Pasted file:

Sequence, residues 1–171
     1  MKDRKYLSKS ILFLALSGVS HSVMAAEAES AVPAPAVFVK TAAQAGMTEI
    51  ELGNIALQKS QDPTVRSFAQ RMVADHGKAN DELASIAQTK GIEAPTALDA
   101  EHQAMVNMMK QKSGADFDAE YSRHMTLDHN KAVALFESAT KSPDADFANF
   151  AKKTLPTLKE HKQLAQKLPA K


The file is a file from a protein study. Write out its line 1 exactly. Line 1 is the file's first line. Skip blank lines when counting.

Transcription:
Sequence, residues 1–171